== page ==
Sections

Goodbye Blue Monday saying goodbye — again

The Brooklyn Paper
Share on TwitterTweet
Share on Facebook
Subscribe

Don’t miss our updates:

Time to add another name to the ever growing list of music venues shutting down in Brooklyn.

Goodbye Blue Monday, the quirky music and performance art venue on Broadway in Bushwick, will close down at the end of the month. The venue’s last day will be Nov. 30, confirmed former owner Steve Trimboli.

“I, for one, am both saddened and relieved,” said Trimboli, who still assists in some aspects of the business.

Goodbye Blue Monday has had a few fits and starts in the past couple of years. The venue held a series of benefit shows and an online fundraising campaign in early 2013 to pay for upgrades to the falling apart facility. And the venue announced earlier this year that it would close down if it did not come up with several thousands dollars to pay fines it owed to the city.

But news of the closure still comes as a blow, said one staff member.

“The community is going to be broken down,” said Goodbye Blue Monday employee Adeline Thery. “It is very sad.”

The venue is known for an open booking policy that allows any band to play and for not charging a cover for shows. Bands typically pass a hat around to raise money for shows.

A notable number of Brooklyn music venues have gone — or at least announced they are going — the way of the dodo in the past several months. Those closures including Death By Audio, Glasslands, Public Assembly, and Spike Hill.

“New York is making it impossible now for anyone to make a buck doing anything creative,” said Trimboli, who said the landlord approached the current owner with a new lease where the rent was tripled. “I am sure that sports bars or bars that only have cover bands will stay open forever.”

Artists and musicians say they are disgusted at the rate at which venues are being pushed out.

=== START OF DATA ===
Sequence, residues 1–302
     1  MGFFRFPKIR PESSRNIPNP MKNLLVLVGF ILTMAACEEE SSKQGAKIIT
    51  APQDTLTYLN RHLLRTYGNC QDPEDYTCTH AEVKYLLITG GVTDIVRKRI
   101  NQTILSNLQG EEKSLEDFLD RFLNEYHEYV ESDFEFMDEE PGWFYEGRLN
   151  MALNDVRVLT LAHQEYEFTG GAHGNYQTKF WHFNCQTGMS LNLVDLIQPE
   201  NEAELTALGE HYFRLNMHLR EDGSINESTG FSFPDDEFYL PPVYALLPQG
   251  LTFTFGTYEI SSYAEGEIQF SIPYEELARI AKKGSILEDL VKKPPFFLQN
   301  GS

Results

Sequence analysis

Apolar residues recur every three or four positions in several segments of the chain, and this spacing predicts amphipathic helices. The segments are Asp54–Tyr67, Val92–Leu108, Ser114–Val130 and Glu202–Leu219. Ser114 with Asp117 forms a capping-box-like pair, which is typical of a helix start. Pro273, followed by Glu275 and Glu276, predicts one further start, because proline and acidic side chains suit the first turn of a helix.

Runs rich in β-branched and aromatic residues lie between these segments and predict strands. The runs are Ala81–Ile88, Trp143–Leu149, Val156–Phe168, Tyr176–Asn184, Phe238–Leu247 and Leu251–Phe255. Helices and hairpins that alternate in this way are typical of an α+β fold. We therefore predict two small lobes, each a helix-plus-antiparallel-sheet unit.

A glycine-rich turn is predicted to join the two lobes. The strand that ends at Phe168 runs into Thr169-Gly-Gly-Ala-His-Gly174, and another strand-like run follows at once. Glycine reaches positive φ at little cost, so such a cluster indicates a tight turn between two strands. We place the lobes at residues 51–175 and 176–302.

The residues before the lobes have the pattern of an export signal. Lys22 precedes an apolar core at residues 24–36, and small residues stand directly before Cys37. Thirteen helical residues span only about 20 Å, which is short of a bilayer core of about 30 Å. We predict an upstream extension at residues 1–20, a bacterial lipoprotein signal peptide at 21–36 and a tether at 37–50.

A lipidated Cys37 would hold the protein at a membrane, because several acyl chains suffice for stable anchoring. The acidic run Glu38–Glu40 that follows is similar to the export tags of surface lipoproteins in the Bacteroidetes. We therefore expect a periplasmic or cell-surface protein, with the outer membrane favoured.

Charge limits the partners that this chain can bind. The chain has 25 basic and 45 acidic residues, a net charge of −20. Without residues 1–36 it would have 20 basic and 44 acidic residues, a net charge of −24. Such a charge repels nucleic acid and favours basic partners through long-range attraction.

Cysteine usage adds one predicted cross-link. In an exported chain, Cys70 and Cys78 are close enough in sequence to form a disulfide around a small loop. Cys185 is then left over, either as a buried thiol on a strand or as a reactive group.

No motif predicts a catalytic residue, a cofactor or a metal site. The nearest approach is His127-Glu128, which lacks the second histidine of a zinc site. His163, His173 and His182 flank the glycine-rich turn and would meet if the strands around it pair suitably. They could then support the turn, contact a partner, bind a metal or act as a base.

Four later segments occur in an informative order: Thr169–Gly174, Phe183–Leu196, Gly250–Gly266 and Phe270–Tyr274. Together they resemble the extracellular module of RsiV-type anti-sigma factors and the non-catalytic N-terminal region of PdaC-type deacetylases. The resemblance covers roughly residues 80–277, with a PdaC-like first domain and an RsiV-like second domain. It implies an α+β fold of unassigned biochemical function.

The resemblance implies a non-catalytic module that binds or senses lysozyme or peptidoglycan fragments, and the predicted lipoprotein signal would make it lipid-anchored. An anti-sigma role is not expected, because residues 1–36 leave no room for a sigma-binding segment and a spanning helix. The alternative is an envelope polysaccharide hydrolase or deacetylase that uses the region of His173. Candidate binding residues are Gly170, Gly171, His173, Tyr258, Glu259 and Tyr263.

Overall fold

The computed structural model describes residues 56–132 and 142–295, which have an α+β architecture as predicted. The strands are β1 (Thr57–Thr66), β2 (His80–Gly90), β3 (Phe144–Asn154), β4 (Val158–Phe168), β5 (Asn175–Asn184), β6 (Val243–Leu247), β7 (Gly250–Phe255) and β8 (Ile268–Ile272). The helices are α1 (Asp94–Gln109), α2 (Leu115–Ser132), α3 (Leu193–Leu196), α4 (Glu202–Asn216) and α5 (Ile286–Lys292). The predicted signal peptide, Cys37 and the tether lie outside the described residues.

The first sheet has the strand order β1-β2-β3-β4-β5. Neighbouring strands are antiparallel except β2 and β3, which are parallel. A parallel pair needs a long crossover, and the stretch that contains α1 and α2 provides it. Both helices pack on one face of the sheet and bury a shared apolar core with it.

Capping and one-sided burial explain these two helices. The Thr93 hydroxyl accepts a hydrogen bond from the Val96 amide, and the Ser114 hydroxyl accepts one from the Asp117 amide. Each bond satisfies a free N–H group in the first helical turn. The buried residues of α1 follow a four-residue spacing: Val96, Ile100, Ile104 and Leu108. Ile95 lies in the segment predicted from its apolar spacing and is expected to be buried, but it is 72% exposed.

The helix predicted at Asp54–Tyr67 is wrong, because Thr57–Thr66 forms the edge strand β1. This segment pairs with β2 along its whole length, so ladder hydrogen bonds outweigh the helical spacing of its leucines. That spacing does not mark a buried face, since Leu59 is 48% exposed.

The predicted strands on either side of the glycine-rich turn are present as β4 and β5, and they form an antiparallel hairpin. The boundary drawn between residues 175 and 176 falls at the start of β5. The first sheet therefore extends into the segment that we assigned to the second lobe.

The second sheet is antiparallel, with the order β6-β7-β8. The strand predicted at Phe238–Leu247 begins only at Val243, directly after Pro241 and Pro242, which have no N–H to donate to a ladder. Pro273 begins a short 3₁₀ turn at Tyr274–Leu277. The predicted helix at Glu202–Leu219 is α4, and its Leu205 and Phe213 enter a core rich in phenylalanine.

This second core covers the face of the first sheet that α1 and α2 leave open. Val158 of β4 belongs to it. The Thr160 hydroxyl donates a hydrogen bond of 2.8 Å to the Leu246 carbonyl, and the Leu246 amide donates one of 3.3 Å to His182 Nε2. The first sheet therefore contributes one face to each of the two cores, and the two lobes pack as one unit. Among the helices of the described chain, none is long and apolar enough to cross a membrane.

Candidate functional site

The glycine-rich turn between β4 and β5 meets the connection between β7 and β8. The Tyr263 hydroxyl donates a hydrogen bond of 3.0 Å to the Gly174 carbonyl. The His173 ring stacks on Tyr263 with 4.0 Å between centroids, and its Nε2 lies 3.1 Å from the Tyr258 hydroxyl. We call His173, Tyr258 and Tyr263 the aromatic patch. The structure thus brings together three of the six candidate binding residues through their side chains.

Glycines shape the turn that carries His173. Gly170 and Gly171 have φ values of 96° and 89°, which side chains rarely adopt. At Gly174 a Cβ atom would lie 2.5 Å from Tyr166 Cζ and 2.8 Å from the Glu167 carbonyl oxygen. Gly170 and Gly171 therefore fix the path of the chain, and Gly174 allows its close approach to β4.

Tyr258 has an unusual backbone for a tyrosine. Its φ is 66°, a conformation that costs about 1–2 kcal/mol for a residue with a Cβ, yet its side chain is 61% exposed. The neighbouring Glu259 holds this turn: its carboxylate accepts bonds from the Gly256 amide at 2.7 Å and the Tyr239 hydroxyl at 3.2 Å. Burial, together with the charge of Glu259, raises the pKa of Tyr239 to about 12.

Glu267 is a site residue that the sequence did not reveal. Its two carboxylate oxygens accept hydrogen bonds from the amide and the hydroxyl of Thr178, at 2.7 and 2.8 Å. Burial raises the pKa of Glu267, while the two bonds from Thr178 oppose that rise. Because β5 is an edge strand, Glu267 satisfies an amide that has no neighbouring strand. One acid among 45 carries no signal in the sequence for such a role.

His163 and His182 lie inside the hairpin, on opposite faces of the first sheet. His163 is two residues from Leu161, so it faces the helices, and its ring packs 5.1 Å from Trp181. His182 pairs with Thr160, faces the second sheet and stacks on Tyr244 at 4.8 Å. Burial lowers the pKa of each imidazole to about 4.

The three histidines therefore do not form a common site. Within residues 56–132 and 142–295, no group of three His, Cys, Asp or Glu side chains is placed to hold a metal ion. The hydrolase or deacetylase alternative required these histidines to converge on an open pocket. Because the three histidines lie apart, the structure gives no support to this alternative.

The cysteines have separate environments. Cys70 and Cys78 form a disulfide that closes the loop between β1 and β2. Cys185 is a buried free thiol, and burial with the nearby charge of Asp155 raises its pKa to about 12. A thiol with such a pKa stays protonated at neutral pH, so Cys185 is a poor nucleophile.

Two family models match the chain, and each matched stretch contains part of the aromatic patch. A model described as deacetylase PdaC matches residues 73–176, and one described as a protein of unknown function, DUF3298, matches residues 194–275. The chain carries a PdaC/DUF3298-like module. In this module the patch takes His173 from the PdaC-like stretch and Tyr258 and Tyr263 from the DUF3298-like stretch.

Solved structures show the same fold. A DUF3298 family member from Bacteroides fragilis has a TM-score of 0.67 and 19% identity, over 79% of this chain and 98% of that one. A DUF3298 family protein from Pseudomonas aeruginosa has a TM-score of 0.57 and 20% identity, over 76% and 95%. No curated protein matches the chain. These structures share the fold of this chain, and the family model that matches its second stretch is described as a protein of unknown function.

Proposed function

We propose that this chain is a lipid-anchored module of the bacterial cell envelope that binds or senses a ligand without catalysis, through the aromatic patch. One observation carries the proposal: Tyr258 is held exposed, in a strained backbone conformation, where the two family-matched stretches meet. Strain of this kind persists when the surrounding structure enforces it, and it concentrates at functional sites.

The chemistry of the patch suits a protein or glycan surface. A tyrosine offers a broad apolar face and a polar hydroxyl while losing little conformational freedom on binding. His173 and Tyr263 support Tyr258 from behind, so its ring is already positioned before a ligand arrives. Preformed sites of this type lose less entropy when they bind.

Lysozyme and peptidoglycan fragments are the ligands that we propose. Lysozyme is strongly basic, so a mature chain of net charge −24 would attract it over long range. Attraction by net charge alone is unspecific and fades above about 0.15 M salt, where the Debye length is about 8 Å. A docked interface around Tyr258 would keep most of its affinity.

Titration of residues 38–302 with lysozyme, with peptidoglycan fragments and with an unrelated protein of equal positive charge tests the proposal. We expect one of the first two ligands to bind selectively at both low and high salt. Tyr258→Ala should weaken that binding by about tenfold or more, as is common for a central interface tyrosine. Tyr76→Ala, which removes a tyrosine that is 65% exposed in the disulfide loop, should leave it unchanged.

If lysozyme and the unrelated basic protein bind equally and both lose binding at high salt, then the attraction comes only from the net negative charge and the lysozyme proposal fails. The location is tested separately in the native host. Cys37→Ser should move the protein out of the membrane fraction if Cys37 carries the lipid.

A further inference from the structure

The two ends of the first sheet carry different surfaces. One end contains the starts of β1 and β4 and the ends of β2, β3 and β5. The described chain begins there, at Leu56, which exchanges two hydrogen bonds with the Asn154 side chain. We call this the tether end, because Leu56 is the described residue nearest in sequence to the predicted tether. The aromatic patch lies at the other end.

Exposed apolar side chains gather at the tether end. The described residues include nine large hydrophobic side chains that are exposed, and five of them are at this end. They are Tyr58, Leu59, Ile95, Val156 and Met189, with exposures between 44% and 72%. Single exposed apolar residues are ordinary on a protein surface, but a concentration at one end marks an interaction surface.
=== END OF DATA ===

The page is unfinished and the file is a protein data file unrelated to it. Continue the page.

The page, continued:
“If New York City wants to become an occupied territory for the wealthy only, by all means, let’s just admit it and stop pretending already,” said Rachel Eisley, founder of Teleportation Arts, a multi-disciplinary art collective that operated out of a loft a few doors down from Goodbye Blue Monday until the landlord found a higher paying tenant. “Good luck with further gentrification at such a pace. Once the artists are forced out, we will not be paving the way for you anymore.”

Reach reporter Danielle Furfaro at dfurfaro@cnglocal.com or by calling (718) 260–2511. Follow her at twitter.com/DanielleFurfaro.
Updated 10:17 pm, July 9, 2018
Today’s news:
Share on TwitterTweet
Share on Facebook
Subscribe

Don’t miss our updates:


Reasonable discourse

bushmaster bullet from brooklyn, n.y. says:
It is amazing that '' gentrifyers '' are wailing against gentrification. What were you thinking when you came from hick towns all over America, ganging up to rent apartments you could'nt afford. Time was, in New York, when musicians could make a decent living and afford to live here. Are you aware of the thousands you pushed out with your free for all trend. By now, I'm sure you are you can see the reality created by our founding fathers, "" nothing in life is free ''. Good riddance to all those venues that entertained your know it all attitudes. Real people can get back to their own realities.
Dec. 28, 2014, 1:33 pm

Comments closed.

First name
Last name
Your neighborhood
Email address
Daytime phone

Your letter must be signed and include all of the information requested above. (Only your name and neighborhood are published with the letter.) Letters should be as brief as possible; while they may discuss any topic of interest to our readers, priority will be given to letters that relate to stories covered by The Brooklyn Paper.

Letters will be edited at the sole discretion of the editor, may be published in whole or part in any media, and upon publication become the property of The Brooklyn Paper. The earlier in the week you send your letter, the better.

Keep it local!

Stay in touch with your community. Subscribe to our free newsletter: